Ask the Life Insurance Expert

I quit smoking last month. Can I get a nonsmoker's rate for life insurance?

Congratulations on kicking the habit. Unfortunately you won't qualify as a nonsmoker yet. Most life insurance companies require you to refrain from using tobacco for at least a year before they offer you a nonsmoker's rate.

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Life insurance companies charge higher rates for smokers than nonsmokers because smokers are likely to die at earlier ages. Periodically the Society of Actuaries conducts a study looking at mortality rates of people who purchase individual life insurance policies. According to the latest study in 2010, the expected age of death differs by two to six years, depending on gender and the person's current age.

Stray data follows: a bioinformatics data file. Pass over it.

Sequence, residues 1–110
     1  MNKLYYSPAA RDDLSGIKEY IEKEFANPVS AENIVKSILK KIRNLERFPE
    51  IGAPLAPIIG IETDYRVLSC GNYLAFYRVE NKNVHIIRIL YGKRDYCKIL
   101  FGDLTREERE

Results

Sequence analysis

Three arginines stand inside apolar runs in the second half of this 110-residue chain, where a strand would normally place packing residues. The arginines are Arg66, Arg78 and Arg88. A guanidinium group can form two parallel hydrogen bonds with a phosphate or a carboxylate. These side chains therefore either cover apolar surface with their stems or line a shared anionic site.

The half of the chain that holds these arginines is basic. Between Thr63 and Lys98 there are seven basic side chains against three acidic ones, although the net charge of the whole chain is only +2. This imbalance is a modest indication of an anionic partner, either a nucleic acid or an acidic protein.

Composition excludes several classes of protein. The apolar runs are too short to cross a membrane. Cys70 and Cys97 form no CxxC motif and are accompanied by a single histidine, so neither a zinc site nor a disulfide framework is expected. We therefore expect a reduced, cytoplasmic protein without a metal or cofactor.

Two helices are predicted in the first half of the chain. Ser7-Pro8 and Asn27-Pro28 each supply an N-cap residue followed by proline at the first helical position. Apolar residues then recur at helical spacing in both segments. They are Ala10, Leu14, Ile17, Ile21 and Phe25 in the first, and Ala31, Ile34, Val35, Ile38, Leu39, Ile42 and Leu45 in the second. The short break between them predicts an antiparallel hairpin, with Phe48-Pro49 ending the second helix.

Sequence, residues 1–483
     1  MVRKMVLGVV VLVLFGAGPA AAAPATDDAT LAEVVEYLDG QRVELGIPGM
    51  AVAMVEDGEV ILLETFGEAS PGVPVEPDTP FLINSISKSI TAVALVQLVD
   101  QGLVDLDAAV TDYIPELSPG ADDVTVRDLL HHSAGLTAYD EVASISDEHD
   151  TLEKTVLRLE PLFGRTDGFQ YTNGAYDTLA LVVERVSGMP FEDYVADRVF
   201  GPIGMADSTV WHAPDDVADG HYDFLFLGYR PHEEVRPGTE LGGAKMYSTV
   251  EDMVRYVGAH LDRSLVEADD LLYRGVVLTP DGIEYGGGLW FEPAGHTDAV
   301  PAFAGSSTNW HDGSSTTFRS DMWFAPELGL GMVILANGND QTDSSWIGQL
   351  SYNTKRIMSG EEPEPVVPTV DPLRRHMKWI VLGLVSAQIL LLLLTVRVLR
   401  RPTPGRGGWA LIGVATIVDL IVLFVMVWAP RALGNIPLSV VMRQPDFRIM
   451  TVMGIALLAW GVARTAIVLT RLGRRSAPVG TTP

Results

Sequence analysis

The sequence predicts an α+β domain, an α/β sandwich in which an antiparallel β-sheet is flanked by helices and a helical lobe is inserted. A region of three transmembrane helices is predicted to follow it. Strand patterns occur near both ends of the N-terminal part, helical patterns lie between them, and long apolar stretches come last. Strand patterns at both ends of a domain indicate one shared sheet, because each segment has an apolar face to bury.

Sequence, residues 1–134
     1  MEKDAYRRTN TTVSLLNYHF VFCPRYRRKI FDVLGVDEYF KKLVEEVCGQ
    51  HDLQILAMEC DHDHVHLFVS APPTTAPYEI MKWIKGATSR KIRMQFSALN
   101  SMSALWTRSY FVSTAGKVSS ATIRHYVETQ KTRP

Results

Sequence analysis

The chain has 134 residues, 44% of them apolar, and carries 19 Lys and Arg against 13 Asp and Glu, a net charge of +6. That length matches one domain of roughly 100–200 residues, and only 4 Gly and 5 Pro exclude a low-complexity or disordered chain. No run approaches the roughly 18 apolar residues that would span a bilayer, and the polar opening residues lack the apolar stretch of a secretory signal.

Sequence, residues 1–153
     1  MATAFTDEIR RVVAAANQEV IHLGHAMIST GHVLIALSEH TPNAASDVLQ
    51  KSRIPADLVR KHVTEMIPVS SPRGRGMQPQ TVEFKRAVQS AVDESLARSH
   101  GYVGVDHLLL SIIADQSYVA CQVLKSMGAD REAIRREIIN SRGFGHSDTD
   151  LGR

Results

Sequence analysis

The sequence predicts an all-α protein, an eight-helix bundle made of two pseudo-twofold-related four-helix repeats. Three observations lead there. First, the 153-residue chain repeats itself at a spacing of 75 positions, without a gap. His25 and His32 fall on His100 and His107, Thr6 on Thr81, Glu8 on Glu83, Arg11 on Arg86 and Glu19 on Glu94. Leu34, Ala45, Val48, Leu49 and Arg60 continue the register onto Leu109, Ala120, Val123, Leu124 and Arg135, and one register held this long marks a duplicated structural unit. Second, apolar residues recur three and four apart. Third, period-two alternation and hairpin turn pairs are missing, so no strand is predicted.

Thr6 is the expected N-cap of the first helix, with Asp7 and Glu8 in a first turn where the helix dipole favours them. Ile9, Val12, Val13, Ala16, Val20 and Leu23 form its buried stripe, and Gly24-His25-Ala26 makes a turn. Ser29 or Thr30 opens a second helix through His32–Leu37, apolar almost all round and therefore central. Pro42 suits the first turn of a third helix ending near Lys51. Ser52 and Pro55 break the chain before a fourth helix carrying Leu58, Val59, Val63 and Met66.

A 30-year-old woman who smokes, for instance, has a life expectancy of 78.1 years, versus 84.5 years for a woman the same age who doesn't smoke. A 50-year-old male smoker has a life expectancy of 76.5 years, compared to 82.9 years for a 50-year-old male nonsmoker.

The good news is when you stop smoking, your life expectancy goes up, and after about a year it matches that of other nonsmokers.

You don't have to put off a decision to get life insurance quotes just because you're still technically considered a smoker. You can buy a policy now and after enough time has passed, apply for a nonsmoker policy.

Meanwhile, keep in mind insurers differ in how they define smokers. Some allow an occasional cigar to celebrate; others require you use no nicotine, period. They also vary in how many months they require you to be nicotine-free before you qualify as a nonsmoker.

For more, see How many years of your life will you lose to smoking?

Last updated: Sep. 13, 2011
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